But the people have to be experienced, and that is easy to do in Croatia. In all of our travels, we have never met friendlier or more helpful people. We were treated like treasured guests by the people who rented us apartments or rooms in their homes and exactly the same way by people on the streets of Dubrovnik, and on the islands of Mjlet and Korčula.

Of course, the best part was being with Seth, watching his remarkable competence. He doesn't plan ahead much, so we didn't even know where we would go, or how we would get from place to place. Except, we knew it would be frugally.

We also didn't know that we would love Croatia.

We never see enough of Seth, so to have a solid seven days with him was a huge bonus. But it came with a price—saying good-bye without knowing when we will see him again. So, having just returned, I do feel a little sad. But more than anything, I am very grateful.

To see Seth's take on his week with his parents in Croatia,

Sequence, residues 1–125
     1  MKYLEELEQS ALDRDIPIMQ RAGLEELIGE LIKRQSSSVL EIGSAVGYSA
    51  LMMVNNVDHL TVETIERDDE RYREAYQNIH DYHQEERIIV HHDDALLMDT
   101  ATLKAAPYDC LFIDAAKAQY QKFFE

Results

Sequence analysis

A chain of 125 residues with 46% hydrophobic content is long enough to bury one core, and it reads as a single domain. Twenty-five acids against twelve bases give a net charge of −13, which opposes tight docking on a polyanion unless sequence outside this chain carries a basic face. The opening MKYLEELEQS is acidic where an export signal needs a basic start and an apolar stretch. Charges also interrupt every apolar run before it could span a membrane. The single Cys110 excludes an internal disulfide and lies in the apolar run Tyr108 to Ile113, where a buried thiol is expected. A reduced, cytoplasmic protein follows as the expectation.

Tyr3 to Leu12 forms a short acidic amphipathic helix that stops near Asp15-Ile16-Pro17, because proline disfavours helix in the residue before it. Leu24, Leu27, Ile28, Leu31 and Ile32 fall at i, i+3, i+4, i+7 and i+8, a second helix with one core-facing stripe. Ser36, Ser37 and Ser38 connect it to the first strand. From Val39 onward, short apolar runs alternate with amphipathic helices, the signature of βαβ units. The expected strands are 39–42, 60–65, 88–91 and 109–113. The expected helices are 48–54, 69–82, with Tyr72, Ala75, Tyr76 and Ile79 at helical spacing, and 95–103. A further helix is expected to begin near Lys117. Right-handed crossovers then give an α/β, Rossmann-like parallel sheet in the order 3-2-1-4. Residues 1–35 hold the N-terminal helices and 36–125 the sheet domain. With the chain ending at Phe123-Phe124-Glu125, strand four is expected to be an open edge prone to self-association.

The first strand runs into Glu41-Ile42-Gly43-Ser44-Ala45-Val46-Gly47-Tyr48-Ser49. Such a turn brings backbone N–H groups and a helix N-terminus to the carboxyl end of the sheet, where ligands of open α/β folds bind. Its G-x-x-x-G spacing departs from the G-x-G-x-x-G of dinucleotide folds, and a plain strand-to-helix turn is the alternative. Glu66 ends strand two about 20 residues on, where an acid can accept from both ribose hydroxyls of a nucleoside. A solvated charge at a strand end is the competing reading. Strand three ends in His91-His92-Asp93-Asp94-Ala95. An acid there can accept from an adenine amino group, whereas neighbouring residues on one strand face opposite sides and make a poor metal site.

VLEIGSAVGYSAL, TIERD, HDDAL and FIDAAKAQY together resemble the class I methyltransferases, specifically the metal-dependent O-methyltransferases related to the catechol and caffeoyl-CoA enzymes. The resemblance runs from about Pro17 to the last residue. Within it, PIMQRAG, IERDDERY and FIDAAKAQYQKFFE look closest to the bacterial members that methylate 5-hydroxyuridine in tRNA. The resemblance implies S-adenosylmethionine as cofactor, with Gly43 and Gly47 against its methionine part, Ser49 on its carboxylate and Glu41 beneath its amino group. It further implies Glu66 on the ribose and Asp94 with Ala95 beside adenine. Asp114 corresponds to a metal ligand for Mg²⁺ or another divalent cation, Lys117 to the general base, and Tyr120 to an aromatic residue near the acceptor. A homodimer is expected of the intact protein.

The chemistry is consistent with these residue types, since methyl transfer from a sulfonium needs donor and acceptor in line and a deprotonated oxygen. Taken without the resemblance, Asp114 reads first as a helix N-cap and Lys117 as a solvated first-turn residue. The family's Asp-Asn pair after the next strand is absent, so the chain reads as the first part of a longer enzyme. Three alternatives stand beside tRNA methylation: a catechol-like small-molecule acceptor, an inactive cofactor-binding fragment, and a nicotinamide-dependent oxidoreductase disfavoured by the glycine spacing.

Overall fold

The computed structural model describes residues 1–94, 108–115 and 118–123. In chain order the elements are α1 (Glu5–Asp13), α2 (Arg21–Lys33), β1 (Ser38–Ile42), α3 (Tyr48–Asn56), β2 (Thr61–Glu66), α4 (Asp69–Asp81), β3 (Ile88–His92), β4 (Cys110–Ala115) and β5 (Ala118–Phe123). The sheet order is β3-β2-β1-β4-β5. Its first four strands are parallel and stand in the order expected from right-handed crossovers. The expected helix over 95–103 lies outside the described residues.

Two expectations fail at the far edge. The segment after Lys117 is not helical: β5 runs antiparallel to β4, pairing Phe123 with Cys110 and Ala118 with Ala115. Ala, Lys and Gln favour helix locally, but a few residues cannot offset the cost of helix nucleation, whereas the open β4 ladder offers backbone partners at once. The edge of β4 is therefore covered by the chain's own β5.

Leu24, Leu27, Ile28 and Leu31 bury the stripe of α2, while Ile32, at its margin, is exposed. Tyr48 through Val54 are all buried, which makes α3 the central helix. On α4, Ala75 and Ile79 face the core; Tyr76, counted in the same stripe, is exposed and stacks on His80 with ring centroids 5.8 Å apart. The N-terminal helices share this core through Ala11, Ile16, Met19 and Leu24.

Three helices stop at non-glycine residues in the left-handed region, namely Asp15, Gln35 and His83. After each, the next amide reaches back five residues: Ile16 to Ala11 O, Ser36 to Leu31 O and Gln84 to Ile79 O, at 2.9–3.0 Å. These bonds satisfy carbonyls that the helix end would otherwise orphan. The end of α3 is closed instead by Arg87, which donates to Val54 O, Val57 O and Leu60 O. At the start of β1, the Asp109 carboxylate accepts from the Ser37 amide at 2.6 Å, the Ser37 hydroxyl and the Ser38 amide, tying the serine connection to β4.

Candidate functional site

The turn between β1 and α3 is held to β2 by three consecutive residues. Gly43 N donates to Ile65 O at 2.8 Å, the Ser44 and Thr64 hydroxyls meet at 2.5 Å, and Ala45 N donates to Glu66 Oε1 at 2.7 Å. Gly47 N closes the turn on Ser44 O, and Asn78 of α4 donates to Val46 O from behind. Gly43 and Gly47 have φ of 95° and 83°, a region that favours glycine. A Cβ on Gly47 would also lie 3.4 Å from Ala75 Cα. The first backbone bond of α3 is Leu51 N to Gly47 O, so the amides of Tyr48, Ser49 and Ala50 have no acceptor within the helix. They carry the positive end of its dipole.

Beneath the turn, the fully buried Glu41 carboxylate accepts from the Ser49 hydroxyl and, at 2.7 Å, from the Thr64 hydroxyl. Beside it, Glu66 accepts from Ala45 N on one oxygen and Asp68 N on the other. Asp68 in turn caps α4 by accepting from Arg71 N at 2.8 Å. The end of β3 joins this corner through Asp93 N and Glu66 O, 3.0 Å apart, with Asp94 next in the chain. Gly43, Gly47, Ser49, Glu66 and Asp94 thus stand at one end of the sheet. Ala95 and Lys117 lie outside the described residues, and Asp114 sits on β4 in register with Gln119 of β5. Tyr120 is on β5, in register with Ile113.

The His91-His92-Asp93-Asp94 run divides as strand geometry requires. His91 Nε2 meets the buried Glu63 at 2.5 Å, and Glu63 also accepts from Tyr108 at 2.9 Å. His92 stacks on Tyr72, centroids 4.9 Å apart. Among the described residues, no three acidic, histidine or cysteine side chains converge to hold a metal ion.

A Bittersweet Season

Jane Gross, a reporter for the New York Times and contributor to “The New Old Age Blog”, has written A Bittersweet Season—Caring for our Aging Parents—and Ourselves.  In this just-published book, she tells the story of caring for her aging mother.  At the same time, she offers advice and strategy for those who find themselves in a similar situation.

In the book, Gross describes a “talking board” that she and her brother got for her mother when her speech deteriorated.  The board was programmed so that when her mother pushed a button, the board would say (in the recorded voice of her son),  “I want tea,”  or “I’m cold.”  Gross and her brother offered her the chance to have two of the buttons say whatever she wanted.  She chose “Get Out of My Room” for one, and “You’ll be old someday too, you know,” for the other.

I was struck by her second choice because when I see people who disrespect the elderly, I often think, “You’ll be old someday too.”  But then I add a second thought, “If you’re lucky.”



Sometimes it makes a difference that Peter was born eight years before me.  For example, since it was before my time, he had to explain to me what canoodling meant.   (And if you don’t know, it is “kissing and cuddling amorously”.)

This all came up because we have been hearing a lot about sexting lately.  I admit that I don’t communicate much by texting, but sexting is completely out of my comfort zone. To me, canoodling sounds like more fun.